*Porter Hall*  — The ill-fated Miles Archer and his restless wife Iva in The Maltese Falcon are now Mr. and Mrs. Ames, played briefly but entertainingly by Hall, best known here at Team Bartilucci HQ as Macaulay in The Thin Man, and Jackson, the “Medford Man” in Double Indemnity.   Ames’ hot wife Astrid—soon to be Ames’ widow— is played by lovely big-band singer/actress *Wini Shaw,* popular on stage and screen, including her success on The Ziegfeld Follies and her Broadway triumph in Call Me Madame!

Don’t  let buffoonish  “Kenny-Boy” and his silly beanie fool you,
 he’s a killer!  Would his Auntie Madame Barrabbas lie to you? 
*Maynard  Holmes*
  —  Instead of gunsel Wilmer, Madame Barabbas’ sharpshooting right-hand man is her obnoxious, buffoonish, beret-wearing nephew Kenneth, or as his Auntie calls him, “Kenny Boy.”  Hey, at least he loved cats!  Holmes was also in Dead Reckoning; Somewhere in the Night; The Lady from Shanghai (though he unfortunately didn’t get screen credit).

*Marie Wilson*  —   Of all the wacky characters in Satan Met a Lady, my favorite was Marie Wilson  redoing trusty secretary/receptionist Effie Perine as the endearing cutie Miss Murgatroyd, a cheerful blonde uber-ditz.  Her cute little squeak of surprise/distress always cracks me up!  Both her film versions and TV versions of My Friend Irma were smashing successes, in addition to her voice work on the 1970 animated Hanna-Barbera sports comedy Where’s Huddles?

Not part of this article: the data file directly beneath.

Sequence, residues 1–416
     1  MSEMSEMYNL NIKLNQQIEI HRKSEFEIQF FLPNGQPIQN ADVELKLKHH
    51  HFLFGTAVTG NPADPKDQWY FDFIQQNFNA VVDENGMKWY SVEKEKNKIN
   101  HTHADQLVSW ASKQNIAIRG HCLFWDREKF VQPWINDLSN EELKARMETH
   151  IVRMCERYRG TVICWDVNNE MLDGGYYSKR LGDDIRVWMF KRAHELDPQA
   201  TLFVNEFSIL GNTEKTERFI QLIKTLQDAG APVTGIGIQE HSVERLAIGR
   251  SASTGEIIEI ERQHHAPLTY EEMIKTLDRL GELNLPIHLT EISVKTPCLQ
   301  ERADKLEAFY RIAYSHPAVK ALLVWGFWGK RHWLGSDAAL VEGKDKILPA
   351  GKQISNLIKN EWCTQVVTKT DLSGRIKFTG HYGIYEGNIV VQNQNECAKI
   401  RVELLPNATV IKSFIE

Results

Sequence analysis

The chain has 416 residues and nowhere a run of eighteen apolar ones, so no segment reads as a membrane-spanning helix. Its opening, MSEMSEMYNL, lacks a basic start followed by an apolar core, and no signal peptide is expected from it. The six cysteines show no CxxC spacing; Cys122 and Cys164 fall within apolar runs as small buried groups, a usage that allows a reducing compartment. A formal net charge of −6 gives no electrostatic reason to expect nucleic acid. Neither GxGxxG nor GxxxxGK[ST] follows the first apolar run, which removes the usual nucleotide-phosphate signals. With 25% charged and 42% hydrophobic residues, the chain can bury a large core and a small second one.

*Olin Howland* was a character actor from the silent era until Howland’s death in 1959.  I myself always enjoyed Howland in his 1930s Perry Mason films, often playing Coroner Wilbur Strong or Dr. Croker.  (Don’t you just love these names?) He was also a scene stealer in THEM! as the drunk offering our heroes to “Make me a Sergeant, charge the booze!”, as well as the ill-fated old man in The Blob.

Zesty quips abound, including:

Valerie:  “Do you mind very much Mr. Shane, taking off your hat in the presence of a lady with a gun?”

Shane, discovering Ames has been murdered: “It’s the first time he ever did anything in an appropriate place.”

Shane (cheerfully) to Miss Murgatroyd when it seems she’ll be out in the cold with no job:  “Have you finished packing all your things?...And all the things that weren’t yours, but that you thought you could use?

Miss Murgatroyd: (flustered): “Yes—um, I mean, I’m all packed.”